If you do a lot of skiing or snowboarding each season, then you probably know the advantages of owning your skis or snowboards. First of all, you will save lots of time and money compared to renting. But the best part of owning skis or board is that when you buy them you get to pick out the ones that are right for you.
So what happens when you damage your favorite pair of skis or board? Don’t feel bad, it happens to everyone. You hit some rocks or a tree and maybe gouge the bottom or you begin to see some delamination.
So, what kind of epoxy should you use for ski or snowboard repair? Take a look at this review below.
Who Should Get This?
Every skier or snowboarder at one time or another begins to see damage to their equipment. And if you don’t just stick to the typical groomed runs, you’re bound to find a few rocks, a stump, a tree, or who knows what else, that does some kind of damage to your gear.
Thankfully skis or snowboards can often be repaired and you have a good chance of saving them. If you have the time and the money you may decide on taking them to the local shop to get repaired.
This isn’t a bad idea, most shops do a great great job and make quality repairs, but if you don’t have the money or don’t want your slides out of commission for a lengthy time, you may decide to make the repair yourself.
If you are like me, you may just prefer taking the DIY route because you enjoy learning new skills and being able to repair things on your own. You may also have a basic distrust of people working on your equipment.
Whatever the case may be, you’ll want to make sure you have a good epoxy. Even if you don’t currently need any repairs to your skis or boards, it’s probably a good idea to keep some epoxy with your gear.
Best Epoxy for Ski/Snowboard Repair: Top Picks
Have no idea how to choose? The following options will inspire you.
Strongest Option: West System 650-8 G/Flex
This is a liquid epoxy that is versatile and strong. It can be used on wet surfaces and even underwater if needed.
What we like:
- Strong bond.
- It can be used on almost any material.
- Great for cool temperatures.
What we don’t like:
- Mixing and applying can be a little messy.
Best for Wet Conditions: AquaMend Underwater Putty Stick 4
This is a great putty that is easy to mix and very easy to shape and apply. As with all the others on this list, it will provide a strong and durable bond.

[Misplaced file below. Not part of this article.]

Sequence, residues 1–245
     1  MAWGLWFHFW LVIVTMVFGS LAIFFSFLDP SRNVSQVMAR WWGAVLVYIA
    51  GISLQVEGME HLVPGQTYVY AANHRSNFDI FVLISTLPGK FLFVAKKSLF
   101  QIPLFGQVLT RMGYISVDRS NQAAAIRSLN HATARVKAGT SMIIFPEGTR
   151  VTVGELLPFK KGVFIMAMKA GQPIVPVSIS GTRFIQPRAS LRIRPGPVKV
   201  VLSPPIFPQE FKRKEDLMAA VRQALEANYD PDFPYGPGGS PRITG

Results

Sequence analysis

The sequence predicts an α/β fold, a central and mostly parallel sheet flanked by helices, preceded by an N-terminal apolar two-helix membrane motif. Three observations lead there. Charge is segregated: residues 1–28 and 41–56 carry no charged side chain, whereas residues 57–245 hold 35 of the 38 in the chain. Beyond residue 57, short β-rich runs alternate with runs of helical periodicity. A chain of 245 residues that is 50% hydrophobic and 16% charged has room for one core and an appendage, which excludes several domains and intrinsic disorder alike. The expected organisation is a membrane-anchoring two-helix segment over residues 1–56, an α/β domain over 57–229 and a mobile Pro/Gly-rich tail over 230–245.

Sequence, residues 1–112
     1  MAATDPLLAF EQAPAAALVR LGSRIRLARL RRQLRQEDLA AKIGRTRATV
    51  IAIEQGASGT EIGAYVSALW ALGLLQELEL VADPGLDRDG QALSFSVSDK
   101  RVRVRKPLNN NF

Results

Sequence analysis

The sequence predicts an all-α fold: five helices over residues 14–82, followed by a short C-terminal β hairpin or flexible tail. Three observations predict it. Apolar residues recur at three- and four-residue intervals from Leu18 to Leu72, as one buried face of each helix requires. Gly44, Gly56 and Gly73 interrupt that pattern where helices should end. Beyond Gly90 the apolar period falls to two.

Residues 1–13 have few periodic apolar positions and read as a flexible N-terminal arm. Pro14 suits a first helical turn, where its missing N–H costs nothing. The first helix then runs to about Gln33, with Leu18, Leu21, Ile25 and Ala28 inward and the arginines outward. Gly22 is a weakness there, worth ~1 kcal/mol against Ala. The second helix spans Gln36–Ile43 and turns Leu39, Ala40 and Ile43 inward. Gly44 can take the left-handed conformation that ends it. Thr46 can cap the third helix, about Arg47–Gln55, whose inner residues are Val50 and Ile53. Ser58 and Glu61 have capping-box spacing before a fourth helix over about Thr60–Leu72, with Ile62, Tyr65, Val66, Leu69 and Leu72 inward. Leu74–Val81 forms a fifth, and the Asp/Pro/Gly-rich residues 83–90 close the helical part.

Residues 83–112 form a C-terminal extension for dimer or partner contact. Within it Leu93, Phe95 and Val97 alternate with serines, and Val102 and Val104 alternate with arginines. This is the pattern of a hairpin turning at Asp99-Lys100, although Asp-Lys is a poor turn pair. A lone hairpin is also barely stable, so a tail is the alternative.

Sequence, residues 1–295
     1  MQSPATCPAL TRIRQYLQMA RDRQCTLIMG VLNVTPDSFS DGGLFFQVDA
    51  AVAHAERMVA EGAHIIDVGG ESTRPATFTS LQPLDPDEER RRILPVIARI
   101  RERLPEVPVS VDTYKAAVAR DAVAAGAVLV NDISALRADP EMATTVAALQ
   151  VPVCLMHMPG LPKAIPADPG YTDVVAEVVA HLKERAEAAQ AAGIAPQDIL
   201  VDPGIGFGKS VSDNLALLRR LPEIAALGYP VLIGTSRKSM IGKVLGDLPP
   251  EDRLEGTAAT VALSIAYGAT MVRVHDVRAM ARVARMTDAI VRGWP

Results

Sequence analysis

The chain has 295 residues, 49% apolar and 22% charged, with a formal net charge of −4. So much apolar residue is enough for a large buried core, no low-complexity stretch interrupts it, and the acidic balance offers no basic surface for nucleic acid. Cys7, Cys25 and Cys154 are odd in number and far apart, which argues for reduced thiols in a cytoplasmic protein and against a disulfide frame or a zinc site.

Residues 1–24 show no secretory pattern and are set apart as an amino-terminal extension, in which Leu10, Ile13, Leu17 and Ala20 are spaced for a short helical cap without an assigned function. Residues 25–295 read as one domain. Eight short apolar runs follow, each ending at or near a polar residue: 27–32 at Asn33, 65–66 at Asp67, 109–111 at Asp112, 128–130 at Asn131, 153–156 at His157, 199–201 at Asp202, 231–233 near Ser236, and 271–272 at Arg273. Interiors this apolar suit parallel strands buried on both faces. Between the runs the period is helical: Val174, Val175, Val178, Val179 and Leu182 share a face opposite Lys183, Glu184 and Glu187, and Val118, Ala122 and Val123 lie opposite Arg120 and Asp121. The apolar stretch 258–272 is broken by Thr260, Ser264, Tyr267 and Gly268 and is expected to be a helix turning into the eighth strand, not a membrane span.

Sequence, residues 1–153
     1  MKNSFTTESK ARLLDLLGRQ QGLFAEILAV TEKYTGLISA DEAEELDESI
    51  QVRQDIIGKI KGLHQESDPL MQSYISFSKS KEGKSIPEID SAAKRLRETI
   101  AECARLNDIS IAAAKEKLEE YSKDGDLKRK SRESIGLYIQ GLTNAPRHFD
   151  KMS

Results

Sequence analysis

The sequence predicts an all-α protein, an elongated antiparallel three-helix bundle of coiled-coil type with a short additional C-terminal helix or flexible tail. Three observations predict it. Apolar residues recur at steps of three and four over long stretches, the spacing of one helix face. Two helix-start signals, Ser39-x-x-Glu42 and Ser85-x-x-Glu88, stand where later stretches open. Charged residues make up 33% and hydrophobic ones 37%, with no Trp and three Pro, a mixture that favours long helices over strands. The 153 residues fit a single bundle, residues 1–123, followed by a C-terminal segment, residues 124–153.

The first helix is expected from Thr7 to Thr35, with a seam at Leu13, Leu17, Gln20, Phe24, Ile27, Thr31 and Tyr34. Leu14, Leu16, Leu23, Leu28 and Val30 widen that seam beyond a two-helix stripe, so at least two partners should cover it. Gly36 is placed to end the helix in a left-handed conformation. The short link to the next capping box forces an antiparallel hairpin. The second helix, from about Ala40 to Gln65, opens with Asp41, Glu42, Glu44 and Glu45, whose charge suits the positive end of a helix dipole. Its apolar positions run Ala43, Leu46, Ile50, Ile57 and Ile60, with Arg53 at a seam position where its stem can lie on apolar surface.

What we like:
- Very easy to mix with no mess.
- Very easy to shape and apply.
- It can bond in moist and wet conditions.
What we don’t like:
- May have trouble sticking to some materials.
==> You can also get it on Walmart.
How to Choose the Best Epoxy for Ski or Snowboard Repair
Check out the factors below before your purchase.
One of the most important features to look for is strength. It will need to hold together in the extreme snow conditions. Not only will it take a pounding, but it will need to be able to handle a good range of temperature changes from very cold to warm and back to cold again.
While strength is important to hold the repair together, it is also important to have some flexibility. Skis or snowboards will bend and flex and the repair needs to be able to do the same, if not it will eventually crack and it won’t hold up.
Whether it is a paste or a putty, you need to be able to mold or spread it into the area that needs to be repaired and you need to have time to work with it before it dries or sets up.
We often think that it is good to have a fast cure time. It means a quicker repair, but quicker is not always better. With most epoxies, a quicker cure time usually leads to a more brittle and less flexible repair which will end up cracking or breaking up.
Quick cure times are good if you need an emergency repair so you can get back out on the slopes, but for long-term fixes, look for products that have a long cure time, they will create a longer-lasting repair job.
Most of these adhesives are waterproof which is important. Make sure that the one you choose is waterproof. You want to keep water from getting into the repaired site otherwise your ski or snowboard will deteriorate over time from moisture damage.
Many of these can also be mixed and applied in water or very damp conditions which can be important if you have to make a quick repair outside in the snow.
Ease of Use
Most all of these substances will require mixing before use and depending on the type, may or may not be easy to apply. You may want to consider how easy it is to use. Some come with injectors that dispense equal amounts of the two chemicals together. Some are in a putty form which makes it easier to combine and apply.
You should also look for a substance that is moldable, sandable, and machinable. You will probably need to shape, smooth, and finish the repair before you can begin skiing or snowboarding again.
Epoxy can be used to do many types of repairs to your skis. Here are a couple of examples. Take a look at this video to see an example of how to do a delamination repair.
If you are a snowboarder, check out this video on how to fix the snowboard edges with epoxy.
If you are a person who likes to do your own ski/snowboard repairs, then epoxy is definitely one of the supplies that you should keep in your toolbox. It is a versatile substance that can be used for both temporary and permanent repairs.
Hopefully, our list can help you find the epoxy you need to keep your favorite pair of skis or snowboards in action.